Friday, July 7, 2017

How It Looks From the Far Side of 50

Kenneth Drake

No musician in youth can foreknow the working of creativity in future stages of life. The non-discriminating listening public who do not hear the music between the notes may readily ascribe artistry to the young, even envision an “Artist in Residence” appointment in “higher education.” The undergraduate freshman assigned to the guidance of a young virtuoso will likely feel interpretation of the Pathétique confirmed by the charisma of success on the competition stage. Recognizing the worth of wisdom earned in years of nine-to-five teaching will happen in a later stage in that young musician’s life – or it may not.

Regardless of musicality, technical aplomb, and intelligence, there is a beyond in life when the ever-expanding spiritual dimension of the music reveals itself. What has seemed fulfillment in youth weakens in advancing years in a disorder of newly perceived ideas and unfathomable meanings, daunting to the assuredness known in youth. Like fallow ground that has been left untilled and increases in fertility, there comes that stage in which awareness, unanticipated, is drawn into hitherto unvisited regions in consciousness. Musical notation and everything one has been taught about it becomes then a springboard from which one must leap into an unclear, uncertain choice of interpretation that even once chosen never stays the same. Thereafter, the musician in age is obliged to come to terms with self-recognition as an artist not in residence but seeking residence.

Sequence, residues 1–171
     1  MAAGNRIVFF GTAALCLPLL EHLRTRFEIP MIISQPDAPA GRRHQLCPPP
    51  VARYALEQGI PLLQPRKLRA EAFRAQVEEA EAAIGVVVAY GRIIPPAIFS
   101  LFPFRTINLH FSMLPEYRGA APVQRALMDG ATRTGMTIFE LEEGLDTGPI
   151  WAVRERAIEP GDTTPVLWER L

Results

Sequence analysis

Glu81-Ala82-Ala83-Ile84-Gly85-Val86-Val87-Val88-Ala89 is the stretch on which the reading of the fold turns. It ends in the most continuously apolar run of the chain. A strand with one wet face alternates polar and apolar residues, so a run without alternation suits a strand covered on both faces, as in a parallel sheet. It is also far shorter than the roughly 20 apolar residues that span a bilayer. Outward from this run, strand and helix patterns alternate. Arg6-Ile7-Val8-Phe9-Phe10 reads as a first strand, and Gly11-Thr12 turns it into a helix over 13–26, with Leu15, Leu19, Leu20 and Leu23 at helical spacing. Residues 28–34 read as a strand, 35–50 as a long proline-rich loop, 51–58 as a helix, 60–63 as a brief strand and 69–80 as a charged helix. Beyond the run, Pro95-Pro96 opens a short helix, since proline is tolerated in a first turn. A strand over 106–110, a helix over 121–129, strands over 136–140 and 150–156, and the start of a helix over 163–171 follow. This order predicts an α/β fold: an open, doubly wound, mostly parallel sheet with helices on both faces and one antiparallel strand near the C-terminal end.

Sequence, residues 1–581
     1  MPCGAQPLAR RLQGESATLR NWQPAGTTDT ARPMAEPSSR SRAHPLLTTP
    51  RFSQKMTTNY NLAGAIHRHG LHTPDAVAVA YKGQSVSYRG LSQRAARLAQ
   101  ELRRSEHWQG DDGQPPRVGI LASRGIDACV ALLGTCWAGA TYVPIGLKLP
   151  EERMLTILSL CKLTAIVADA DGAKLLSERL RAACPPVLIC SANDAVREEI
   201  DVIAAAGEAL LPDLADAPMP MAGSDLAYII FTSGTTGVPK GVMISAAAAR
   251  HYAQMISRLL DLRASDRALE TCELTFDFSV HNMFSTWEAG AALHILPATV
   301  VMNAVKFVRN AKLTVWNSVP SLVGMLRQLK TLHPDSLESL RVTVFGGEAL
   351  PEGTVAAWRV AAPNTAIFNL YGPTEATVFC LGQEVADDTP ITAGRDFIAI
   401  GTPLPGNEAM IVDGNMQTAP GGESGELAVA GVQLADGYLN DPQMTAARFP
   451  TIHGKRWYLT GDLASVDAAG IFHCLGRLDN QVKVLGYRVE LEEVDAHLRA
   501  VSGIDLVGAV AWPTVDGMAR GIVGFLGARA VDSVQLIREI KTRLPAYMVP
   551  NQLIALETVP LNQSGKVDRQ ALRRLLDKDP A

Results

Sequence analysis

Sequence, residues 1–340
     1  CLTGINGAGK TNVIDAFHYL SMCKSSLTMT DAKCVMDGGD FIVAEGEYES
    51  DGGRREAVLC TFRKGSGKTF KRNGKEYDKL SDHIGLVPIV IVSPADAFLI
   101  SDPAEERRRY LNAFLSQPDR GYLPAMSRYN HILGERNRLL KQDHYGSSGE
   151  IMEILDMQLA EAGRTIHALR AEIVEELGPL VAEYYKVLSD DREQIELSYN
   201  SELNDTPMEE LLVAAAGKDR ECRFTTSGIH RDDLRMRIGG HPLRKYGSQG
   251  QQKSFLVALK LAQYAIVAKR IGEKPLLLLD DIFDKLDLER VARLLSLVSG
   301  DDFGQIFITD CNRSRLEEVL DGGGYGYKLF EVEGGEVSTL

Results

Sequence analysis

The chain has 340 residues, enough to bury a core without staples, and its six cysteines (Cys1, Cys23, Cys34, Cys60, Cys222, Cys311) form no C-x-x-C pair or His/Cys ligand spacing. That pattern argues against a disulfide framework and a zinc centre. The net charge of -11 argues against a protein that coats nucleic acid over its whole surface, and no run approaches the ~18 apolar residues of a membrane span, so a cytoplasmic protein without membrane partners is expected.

Someone has observed that there are three times in life when we are completely alone: when we are born, when we love, and when we die. No one remembers being born, and youth knows exclusionary, love-driven passion. But the interpreter in age knows the aloneness of independent decisions now inseparable from memories, emotions, and cerebral judgments. It may of course be a clinical memory of a technical problem that has been solved subconsciously over time, this a particular memory with a future. However, the memories of reference here rest on deeper antecedents held close to the heart – the re-hearing of words of a teacher or voices of family, or the mental re-playing of a concert or interchange with a student, Abraham Lincoln’s “mystic chords of memory” in his first inaugural. In the pianist’s far side of 50, the estrangement of affective emotions and the gnawing aloneness of I am, unlike anyone who is or has ever been, cry out to be known and understood, for the pianist, with a Brahms Intermezzo, a Chopin Ballade or a Beethoven Sonata, saying therewith: ‘This is what it is like to be me.’

José Echaniz’s remark, “Always remember that life is more important than playing the piano,” might be re-spoken on the far side of 50 as, “It is life that has made playing the piano important.” It is not to speak disparagingly of youth and the excellence it has achieved to observe that life not as yet long enough lived cannot know the perspective of memories long treasured. It is the stinging sadness of having lost a breathing closeness with the past that moves the pianist in that later stage of life to grasp onto a structure of art symbolizing the loss – the playing of a piece – to pierce the darkness, to ameliorate the burden.


 

 

 

 
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